The UK Deputy Prime Minister Nick Clegg has blasted "nasty campaigners" ahead of the Scottish independence referendum.
The Liberal Democrat party leader told LBC Radio he hoped people would not say things they will "regret later".
"Scotland will need to rediscover a sense of community and togetherness and solidarity, where people who are divided in their opinions about this referendum will need to live side-by-side together after tomorrow," he said.
"I very much hope people won't do and say things that they really will come to regret later."
Clegg said when he had visited Selkirk, as part of the Liberal Democrats' "No" campaign, he had not witnessed any "untoward" behaviour.
However, the deputy prime minister said his colleagues campaigning in Scotland had seen some "pretty nasty incidents" and there were "some pretty extraordinary things said".
"But all I would say is any country, any community, has to move on quickly from a moment like this and it's made all the more difficult if people in the heat of the moment say things or do things that they really shouldn't," Clegg said.
The comments came after the National Union of Journalists warned journalists covering the Scottish independence referendum had faced "intimidation and bullying".
The union, which has more than 24,000 members in the UK, called on people on both sides of the campaign to "rein in the abuse" being directed at reporters covering the referendum.
The NUJ said it was also concerned about threats regarding future employment at the country's main broadcaster, BBC Scotland, as well as public labelling of journalists and programmes as being biased.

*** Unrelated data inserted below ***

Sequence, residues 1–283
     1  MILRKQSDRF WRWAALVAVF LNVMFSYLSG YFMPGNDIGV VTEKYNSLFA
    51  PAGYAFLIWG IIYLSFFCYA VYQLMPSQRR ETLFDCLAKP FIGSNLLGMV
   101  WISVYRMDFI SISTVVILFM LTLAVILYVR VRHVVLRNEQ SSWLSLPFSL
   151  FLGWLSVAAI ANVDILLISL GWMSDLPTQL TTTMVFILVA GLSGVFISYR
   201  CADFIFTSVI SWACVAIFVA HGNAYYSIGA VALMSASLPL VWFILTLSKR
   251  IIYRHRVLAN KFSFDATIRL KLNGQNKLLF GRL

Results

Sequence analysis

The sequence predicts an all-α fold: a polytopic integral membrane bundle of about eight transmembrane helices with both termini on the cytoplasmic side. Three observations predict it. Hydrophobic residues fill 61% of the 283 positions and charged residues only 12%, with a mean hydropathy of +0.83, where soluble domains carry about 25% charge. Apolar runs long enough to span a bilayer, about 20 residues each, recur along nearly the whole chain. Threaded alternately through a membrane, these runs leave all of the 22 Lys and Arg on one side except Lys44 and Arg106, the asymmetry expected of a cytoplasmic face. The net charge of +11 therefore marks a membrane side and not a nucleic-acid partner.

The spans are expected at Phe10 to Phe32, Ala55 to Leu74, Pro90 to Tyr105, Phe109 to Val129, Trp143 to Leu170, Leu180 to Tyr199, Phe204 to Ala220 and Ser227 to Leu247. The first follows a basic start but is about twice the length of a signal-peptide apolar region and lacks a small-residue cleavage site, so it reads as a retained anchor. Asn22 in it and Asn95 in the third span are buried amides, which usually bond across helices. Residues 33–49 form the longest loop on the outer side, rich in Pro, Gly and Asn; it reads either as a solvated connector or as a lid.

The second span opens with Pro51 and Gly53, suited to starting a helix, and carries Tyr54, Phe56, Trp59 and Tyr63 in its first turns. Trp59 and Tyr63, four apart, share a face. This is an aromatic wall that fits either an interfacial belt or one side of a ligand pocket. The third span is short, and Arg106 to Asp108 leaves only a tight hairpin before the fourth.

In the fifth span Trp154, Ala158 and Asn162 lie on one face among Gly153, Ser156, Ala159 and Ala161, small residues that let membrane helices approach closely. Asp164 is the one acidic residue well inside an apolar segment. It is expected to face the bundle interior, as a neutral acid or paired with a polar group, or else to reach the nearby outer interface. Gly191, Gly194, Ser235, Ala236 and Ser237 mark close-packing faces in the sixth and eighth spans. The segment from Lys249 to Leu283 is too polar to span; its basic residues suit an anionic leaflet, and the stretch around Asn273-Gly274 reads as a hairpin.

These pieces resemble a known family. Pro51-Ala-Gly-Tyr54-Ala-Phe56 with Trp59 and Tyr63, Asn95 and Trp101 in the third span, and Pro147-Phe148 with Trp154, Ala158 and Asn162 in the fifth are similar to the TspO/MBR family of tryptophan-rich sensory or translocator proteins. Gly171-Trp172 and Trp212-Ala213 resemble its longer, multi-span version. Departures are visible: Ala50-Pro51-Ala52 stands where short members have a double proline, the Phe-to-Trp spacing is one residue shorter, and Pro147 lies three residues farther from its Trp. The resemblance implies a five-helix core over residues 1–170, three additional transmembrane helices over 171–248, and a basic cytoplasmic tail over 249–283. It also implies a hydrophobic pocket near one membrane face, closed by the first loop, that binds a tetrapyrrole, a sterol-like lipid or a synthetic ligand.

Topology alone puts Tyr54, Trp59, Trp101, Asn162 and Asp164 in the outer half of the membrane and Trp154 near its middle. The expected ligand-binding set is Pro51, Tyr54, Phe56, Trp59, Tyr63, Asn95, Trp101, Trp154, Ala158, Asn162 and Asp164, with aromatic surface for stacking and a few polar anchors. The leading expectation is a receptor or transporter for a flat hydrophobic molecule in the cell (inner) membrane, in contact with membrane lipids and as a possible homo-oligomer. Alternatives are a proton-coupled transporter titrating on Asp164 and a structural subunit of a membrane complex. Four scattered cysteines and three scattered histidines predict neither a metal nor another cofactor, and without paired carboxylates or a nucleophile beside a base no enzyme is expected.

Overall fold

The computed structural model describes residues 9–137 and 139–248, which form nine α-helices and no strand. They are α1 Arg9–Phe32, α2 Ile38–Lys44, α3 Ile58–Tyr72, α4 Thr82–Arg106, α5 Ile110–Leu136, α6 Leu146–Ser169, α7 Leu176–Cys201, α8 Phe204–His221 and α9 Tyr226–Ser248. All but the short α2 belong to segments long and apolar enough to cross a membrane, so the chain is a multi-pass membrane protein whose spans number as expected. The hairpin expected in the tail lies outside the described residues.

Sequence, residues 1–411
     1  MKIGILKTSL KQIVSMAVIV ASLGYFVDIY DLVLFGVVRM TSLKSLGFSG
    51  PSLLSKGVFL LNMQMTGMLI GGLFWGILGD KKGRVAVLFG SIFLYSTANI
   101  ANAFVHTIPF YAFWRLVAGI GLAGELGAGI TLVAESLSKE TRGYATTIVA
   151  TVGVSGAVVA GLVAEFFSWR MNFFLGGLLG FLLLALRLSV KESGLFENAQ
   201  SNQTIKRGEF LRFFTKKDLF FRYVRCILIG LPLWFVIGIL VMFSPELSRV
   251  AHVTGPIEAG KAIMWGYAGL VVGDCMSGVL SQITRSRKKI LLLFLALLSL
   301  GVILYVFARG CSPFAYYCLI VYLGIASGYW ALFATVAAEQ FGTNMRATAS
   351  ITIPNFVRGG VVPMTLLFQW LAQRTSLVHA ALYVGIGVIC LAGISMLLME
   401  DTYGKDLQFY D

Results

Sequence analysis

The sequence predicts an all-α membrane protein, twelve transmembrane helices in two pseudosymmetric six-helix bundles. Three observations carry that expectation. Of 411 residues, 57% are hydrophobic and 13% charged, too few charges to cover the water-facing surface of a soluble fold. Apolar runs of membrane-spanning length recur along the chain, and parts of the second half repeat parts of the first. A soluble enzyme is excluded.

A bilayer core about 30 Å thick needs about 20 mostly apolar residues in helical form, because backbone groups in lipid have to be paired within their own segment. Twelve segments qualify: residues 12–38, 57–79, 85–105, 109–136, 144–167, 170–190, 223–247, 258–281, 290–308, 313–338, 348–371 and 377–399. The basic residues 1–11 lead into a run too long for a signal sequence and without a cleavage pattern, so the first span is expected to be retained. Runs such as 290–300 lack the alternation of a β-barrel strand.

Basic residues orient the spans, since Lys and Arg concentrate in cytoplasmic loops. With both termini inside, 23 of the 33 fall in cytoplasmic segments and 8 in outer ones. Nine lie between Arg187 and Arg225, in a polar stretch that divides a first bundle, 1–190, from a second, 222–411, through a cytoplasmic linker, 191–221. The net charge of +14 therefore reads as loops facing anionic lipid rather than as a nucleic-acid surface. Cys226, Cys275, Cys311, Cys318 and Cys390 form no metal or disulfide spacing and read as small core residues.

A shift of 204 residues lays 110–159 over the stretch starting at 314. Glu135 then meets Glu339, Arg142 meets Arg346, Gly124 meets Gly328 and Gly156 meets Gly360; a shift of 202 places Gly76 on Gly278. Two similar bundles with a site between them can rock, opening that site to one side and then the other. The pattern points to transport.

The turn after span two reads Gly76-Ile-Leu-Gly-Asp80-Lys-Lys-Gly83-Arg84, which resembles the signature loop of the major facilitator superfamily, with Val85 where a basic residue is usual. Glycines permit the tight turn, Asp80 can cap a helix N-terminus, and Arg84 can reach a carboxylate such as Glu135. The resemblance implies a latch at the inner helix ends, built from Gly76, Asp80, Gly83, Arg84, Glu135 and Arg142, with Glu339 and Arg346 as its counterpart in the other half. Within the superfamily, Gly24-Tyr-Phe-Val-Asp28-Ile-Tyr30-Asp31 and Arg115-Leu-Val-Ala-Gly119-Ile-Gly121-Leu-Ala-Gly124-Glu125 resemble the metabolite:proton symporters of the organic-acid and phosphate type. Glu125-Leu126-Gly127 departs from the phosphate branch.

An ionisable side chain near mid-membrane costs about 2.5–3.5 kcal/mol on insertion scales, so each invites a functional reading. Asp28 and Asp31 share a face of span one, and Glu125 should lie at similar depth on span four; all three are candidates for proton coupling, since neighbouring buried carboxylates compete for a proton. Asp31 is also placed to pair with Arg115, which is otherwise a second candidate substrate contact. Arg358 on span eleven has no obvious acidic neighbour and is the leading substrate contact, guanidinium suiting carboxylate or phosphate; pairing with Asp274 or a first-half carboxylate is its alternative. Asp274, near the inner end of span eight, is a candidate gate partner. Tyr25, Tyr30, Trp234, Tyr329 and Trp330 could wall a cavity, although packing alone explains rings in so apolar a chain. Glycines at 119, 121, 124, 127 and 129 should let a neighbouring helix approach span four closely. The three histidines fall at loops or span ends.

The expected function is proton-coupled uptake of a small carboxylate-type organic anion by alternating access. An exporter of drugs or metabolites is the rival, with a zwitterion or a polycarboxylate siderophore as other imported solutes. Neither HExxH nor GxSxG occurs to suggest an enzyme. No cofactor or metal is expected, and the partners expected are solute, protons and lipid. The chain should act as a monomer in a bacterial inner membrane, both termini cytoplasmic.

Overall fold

But the Scottish Police Federation, which represents more than 18,500 police officers in Scotland, said there had been no increased crime and disorder as a consequence of the historic referendum, which takes place on 18 September.
"The Police Service of Scotland and the men and women who work in it should not be used as a political football at any time and especially so in these last few hours of the referendum campaign," said Brian Docherty, chairman of the SPF.
"As I have previously stated, the referendum debate has been robust but overwhelmingly good-natured.
"Scotland's citizens are overwhelmingly law abiding and tolerant and it is preposterous to imply that by placing a cross in a box, our citizens will suddenly abandon the personal virtues and values held dear to them all."
The latest opinion polls, conducted by ICM, Opinium and Survation, revealed the gap between the number of people intending to vote 'No' and 'Yes' was very close (52% vs 48%).
Almost all (97%) of the adult population in Scotland have registered to vote in the referendum.